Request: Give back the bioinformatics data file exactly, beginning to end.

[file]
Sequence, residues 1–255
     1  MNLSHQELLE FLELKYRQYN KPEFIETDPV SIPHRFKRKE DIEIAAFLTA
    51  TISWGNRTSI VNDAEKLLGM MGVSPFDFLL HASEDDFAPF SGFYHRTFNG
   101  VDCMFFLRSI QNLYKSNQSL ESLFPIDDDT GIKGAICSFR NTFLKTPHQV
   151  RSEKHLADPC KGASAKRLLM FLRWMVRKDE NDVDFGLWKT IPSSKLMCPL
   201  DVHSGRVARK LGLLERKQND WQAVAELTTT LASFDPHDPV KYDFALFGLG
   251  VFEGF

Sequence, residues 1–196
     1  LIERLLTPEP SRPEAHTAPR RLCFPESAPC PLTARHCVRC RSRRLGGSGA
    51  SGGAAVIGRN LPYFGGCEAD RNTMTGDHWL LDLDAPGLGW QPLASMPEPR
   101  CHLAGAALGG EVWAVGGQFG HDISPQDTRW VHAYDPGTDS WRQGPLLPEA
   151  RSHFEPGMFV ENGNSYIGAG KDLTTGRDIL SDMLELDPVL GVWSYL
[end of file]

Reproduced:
Sequence, residues 1–255
     1  MNLSHQELLE FLELKYRQYN KPEFIETDPV SIPHRFKRKE DIEIAAFLTA
    51  TISWGNRTSI VNDAEKLLGM MGVSPFDFLL HASEDDFAPF SGFYHRTFNG
   101  VDCMFFLRSI QNLYKSNQSL ESLFPIDDDT GIKGAICSFR NTFLKTPHQV
   151  RSEKHLADPC KGASAKRLLM FLRWMVRKDE NDVDFGLWKT IPSSKLMCPL
   201  DVHSGRVARK LGLLERKQND WQAVAELTTT LASFDPHDPV KYDFALFGLG
   251  VFEGF

Sequence, residues 1–196
     1  LIERLLTPEP SRPEAHTAPR RLCFPESAPC PLTARHCVRC RSRRLGGSGA
    51  SGGAAVIGRN LPYFGGCEAD RNTMTGDHWL LDLDAPGLGW QPLASMPEPR
   101  CHLAGAALGG EVWAVGGQFG HDISPQDTRW VHAYDPGTDS WRQGPLLPEA
   151  RSHFEPGMFV ENGNSYIGAG KDLTTGRDIL SDMLELDPVL GVWSYL